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During April 2017 we had a last minute frost which decimated at least 40% of my seedlings in the Polytunnel on the allotment, even though I got in there after work to shut the door and ventilation – my mistake was when I gave them a quick drink (this froze and killed them).

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Between Middle of March and April, most of your Spring sowings should have been started. Of-course it also depends on where exactly you live, but this is the average dateline for most of Britain.

Outside (depending on weather and soil conditions)

  • Root crops such as carrrots, parsnips, beetroot and turnips
  • Mangetout & podding peas & broad beans – probably better started indoors to avoid pests
  • The first sowings of summer salads including lettuces,radishes, cress, endive, & rocket,
  • Brassica crops for eating this summer & also through into the winter – kale, brussels sprouts, purple sprouting broccoli, summer and (early) winter cabbages,  calabrese and cauliflowers
  • Leaf Beets as well as swiss chard
  • Leeks
  • Radishes and spring onions
  • Some Green Manures are good to scatter sow now so they can be ‘chop n’ dropped’ in time for Summer plants such as Pumpkins, Squashes and Tomatoes when they need planting

Indoors

  • If you have slug or weed problems, then you may find all of the brassica crops, leeks and salads do better started in trays/modules and then planted out when they are better able to withstand them.
  • Similarly broad beans and peas may have to be started indoors if you have trouble with mice
  • Any companion / sacrificial plants such as Marigolds,

In trays or pots somewhere warm (germinator/warm airing cupboard etc).           Bear in mind that they will need somewhere warm & light to grow on

  • Tomatoes, peppers and aubergines, ideally by the end of March.
  • Celery/celeriac (again need heat to germinate)
  • Courgettes, squashes, cucumbers and melons (but not too early, or they will get too large before the weather is good enough for them to go outside)

In a greenhouse / polytunnel in the ground

  • Summer salads
  • French beans for an early crop
  • Herbs such as coriander, basil & parsley

Remember, to come back to this page easily you can just click on the ‘Monthly Sowing Calendar’ tab on the home screen.

 

 

Runner Beans are notorious for being water gluttons! An older method of water retention as well as feeding them is the bean Trench, I spent quite a while searching for a decent short video online but didn’t find anything that had the relevant correct method so I will be describing it as below (Many video’s online show only some newspaper or cardboard then it is topped with loads of rotting vegetables with Zero (0) browns such as mixed cardboard or rotting leaves in-between! Don’t follow that  at all), it creates a horrible pungent smell and attracts flies, you cannot ever expect good compost material if you only add in nitrogen / sugar rich matter and ignore the browns / Carbons to balance it all out … (rant over).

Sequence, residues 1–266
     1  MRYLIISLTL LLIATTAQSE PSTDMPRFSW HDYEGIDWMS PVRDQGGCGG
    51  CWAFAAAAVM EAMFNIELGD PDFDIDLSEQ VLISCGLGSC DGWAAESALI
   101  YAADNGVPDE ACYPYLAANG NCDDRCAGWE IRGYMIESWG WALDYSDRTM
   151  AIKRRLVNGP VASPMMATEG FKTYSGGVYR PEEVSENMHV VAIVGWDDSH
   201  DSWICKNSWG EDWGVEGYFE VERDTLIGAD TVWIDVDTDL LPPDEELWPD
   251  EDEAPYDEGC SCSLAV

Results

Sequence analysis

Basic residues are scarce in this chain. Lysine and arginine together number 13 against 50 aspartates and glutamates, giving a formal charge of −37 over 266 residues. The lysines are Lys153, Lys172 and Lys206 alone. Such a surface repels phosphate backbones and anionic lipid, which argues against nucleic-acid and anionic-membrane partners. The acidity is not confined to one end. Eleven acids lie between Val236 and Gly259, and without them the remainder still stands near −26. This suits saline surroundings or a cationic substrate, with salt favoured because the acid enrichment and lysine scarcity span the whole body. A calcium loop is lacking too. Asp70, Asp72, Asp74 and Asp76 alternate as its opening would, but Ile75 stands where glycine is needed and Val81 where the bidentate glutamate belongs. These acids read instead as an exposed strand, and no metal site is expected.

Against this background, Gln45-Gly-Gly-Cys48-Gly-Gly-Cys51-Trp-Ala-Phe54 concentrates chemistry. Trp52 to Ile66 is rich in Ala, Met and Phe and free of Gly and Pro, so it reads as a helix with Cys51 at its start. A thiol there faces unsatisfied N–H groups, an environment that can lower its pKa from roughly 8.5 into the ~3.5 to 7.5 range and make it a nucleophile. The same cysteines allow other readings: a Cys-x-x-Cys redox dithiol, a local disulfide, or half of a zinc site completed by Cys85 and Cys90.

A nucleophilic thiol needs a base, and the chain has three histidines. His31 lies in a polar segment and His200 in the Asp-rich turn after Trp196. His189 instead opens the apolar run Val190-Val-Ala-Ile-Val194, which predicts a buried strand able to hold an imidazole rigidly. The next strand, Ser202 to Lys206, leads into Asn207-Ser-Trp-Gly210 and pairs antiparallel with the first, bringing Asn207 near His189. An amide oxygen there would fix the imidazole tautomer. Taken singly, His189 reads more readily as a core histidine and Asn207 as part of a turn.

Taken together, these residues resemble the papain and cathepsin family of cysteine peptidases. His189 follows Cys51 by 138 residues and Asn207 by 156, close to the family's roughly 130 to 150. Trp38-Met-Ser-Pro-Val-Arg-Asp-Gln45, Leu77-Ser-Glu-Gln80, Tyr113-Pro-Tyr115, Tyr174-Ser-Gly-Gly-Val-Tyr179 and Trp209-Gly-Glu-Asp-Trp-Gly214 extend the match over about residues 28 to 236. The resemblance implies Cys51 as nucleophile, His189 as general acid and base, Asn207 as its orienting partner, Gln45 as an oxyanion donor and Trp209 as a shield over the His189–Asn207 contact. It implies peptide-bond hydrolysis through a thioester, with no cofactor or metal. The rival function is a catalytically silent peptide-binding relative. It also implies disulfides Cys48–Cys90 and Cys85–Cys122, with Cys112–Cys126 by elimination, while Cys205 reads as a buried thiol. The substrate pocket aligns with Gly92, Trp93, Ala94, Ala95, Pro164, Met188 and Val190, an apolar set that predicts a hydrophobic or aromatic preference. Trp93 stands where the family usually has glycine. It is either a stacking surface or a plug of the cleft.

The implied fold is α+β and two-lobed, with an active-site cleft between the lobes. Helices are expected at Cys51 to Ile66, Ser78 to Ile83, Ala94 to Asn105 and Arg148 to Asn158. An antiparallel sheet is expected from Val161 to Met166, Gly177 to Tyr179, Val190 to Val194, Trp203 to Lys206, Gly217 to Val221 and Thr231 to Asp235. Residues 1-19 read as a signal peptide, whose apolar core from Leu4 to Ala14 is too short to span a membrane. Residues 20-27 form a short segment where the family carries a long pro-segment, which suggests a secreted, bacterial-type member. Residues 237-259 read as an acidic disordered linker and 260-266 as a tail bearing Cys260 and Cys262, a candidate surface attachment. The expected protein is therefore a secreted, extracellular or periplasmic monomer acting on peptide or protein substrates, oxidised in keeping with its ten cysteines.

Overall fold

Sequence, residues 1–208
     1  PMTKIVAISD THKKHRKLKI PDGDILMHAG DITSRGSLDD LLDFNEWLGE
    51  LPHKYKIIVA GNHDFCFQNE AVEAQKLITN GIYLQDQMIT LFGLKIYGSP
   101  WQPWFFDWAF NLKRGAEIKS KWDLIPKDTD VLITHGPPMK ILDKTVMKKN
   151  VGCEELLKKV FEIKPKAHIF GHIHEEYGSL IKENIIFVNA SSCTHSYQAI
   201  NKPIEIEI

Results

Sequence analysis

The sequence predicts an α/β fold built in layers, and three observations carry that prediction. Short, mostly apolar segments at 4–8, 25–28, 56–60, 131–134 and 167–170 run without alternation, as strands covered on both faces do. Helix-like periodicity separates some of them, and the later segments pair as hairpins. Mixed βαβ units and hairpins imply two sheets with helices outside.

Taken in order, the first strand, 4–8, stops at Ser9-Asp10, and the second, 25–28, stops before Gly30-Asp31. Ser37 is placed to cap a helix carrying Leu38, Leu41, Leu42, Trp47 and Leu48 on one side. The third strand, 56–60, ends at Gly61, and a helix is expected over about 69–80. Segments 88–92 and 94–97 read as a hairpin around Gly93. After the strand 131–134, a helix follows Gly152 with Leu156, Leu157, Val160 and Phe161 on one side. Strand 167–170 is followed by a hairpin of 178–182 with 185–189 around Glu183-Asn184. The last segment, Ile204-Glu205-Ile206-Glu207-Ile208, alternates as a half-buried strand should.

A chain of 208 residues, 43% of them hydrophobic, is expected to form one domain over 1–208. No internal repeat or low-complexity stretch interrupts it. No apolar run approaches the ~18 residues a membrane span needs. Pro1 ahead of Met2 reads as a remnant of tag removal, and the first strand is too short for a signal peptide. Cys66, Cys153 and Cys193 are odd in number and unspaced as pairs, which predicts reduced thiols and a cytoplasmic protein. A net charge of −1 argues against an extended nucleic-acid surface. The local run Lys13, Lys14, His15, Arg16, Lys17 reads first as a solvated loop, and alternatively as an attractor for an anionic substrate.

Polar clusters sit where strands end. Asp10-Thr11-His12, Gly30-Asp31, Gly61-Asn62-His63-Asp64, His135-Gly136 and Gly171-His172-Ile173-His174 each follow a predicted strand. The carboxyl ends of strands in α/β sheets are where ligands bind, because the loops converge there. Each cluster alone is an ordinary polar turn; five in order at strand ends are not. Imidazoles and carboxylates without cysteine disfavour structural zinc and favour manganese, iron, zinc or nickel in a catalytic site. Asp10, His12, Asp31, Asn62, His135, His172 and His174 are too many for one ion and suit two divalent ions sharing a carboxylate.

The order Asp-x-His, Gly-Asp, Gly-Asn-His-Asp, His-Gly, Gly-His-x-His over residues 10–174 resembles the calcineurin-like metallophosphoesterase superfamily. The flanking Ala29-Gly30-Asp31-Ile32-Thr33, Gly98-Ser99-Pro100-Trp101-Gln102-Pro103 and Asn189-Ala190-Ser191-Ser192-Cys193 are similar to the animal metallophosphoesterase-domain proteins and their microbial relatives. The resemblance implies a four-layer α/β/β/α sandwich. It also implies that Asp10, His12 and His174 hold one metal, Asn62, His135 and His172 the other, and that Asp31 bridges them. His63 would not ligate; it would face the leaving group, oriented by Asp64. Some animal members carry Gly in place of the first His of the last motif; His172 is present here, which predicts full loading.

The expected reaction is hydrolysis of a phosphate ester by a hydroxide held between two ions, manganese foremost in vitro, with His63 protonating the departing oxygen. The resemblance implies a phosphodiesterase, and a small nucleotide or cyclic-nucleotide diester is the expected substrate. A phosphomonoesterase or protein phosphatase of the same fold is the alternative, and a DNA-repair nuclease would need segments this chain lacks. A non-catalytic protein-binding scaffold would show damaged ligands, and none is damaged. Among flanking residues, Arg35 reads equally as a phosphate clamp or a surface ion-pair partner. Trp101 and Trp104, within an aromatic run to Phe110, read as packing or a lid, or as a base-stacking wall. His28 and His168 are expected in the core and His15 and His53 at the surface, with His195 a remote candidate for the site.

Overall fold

My advance apologies for not having photo’s as well, my bean trenches are actually not ”standard” as my soil is actually quite nutrient rich already, I have many other larger projects going on as well so I only dug a small 20cm wide by 10+ cm deep trench as a mini experiment. How is it you ask, that I can post a ”how to” on Bean Trench creation if this is my first experimental one? Because it really is a similar concept to Hugelkultur / Hugel Mounds which I have built or been involved in building quite a few over the last four years, the only main difference is the absence of Wood / Logs.

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Runner Bean Trench Layers – Organic Gardening

METHOD:

  1. Select your growing area and dig a trench about one spade blade depth and the width of a spade blade sideways (make notches at the base of the trench as air pockets – these help prevent an anaerobic environment [see image]),
  2. Lay a carpet of Brown Cardboard at the base of the trench and up the sides,